In early studies on stellar flares several authors (e.g. Haro & Chavira 1955, Pettersen et al. 1984) inferred that flare durations are correlated with spectral types, i.e. long duration flares more often occur on the more luminous stars. However, Gershberg and Shakhovskaya (1973) showed that the largest flares last longer than the smallest flares. Therefore, since large flares preferably occur on luminous stars while small flares dominate on faint stars because of contrast effects, a spurious correlation between flare duration and spectral type does result. We have also investigated the relationships between flare time-scales and flare energies. In Fig. 5 the flare time-scales ( and da ) are plotted versus flare energies ( ). Least square fits to the data give the following relationships:
which confirm the existence of a general correlation between the time charactistics of a flare and its energy. Within each energy value the time-scales of individual flares span 1-2 order of magnitudes with the rise-time showing the largest scatter. We note that, for a given energy value, slow or long-duration flares could escape detection while fast or short-duration flares are easily detectable because they should have intense peak luminosities. Therefore, the bottom part of the trends shown in Fig. 5 does not suffer from detection limit.
Flares of equal energy output but different time-scales presumably reflect different physical characteristics of the flaring region such as size, strength of the magnetic field where the magnetic reconnection takes place, electron density and flaring plasma temperature.
The slope of relation ( 16) is larger than in the analogous relation given by Pettersen (1989) but derived from the analysis of flares from a large sample of different type of stars - from the brightest dKe's to the faintest dMe stars.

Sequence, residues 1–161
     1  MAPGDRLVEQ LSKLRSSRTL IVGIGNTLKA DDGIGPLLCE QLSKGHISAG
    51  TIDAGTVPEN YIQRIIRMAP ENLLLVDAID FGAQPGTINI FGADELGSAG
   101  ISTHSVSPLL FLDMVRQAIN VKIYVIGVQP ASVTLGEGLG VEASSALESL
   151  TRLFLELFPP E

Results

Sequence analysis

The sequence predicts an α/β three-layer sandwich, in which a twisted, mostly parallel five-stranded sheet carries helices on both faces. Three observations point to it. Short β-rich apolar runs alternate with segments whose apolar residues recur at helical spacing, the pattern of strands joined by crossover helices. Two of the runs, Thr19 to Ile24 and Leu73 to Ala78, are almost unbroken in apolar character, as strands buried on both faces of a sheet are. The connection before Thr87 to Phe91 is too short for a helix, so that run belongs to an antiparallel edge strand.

3.1.5. Correlation between flare colour indices
In the same figure the following models given by Gershberg et al. (1991) are shown: I) blackbody emissions from 8,000 to 20,000 K; II-III) hydrogen plasmas, optically thin in the Balmer continuum, with Te =10,000 K and electron densities 1012 and 1014 cm-3, respectively; IV-V) optically thick plasmas at Te =10,000 K and Te =15,000 K, respectively; VI-VII-VIII) dwarf star upper layers heated by proton beams with threshold proton energy of 1, 2 and 5 MeV, respectively.
The EV Lac flare colour indices are spread over a large area in the two colour diagram. However, a concentration close to the region of optically thick plasma emissions at 1-1.5 104 K is apparent, but flare events compatible with proton beam are also observed.
3.2. Light curves
Assuming that the light curves are due to rotationally modulated visibility of surface inhomogenities, we have performed a Fourier analysis of seasonal data series from 1969 to 1972 by periodogram analysis for unequally spaced data (Scargle 1982, Horne & Baliunas 1986). The resulting periodograms reveal significant periodicity (with confidence level greater than 99%) only for the data acquired in the V-band in 1971 (4d.45 0d.01, with a confidence level of 99.6%). A similar period (P=4d.44 0d.02) results from the analysis of the B-band 1971 data, but with a confidence level of 96.9%. The U-band data acquired in the same year are more noisy than the B- and V- band data, therefore it was not possible to identify any significative periodicity. The 1971 V and B-V light curves are shown in Fig. 7, where phases were computed by adopting JD 2440793.5085 as initial epoch and P=4d.45. The 1971 V light curve can be reproduced by a sinusoidal function with peak-to-peak amplitude of 0.11 mag and the light minimum at =0.18.